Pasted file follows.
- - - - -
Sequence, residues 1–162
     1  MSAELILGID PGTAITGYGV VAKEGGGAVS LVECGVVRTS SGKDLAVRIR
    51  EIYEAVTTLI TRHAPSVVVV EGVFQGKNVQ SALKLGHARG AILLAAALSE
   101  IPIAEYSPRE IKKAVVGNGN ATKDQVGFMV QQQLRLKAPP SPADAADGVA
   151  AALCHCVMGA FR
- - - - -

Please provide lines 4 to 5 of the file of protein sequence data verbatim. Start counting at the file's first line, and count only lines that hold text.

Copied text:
   101  IPIAEYSPRE IKKAVVGNGN ATKDQVGFMV QQQLRLKAPP SPADAADGVA
   151  AALCHCVMGA FR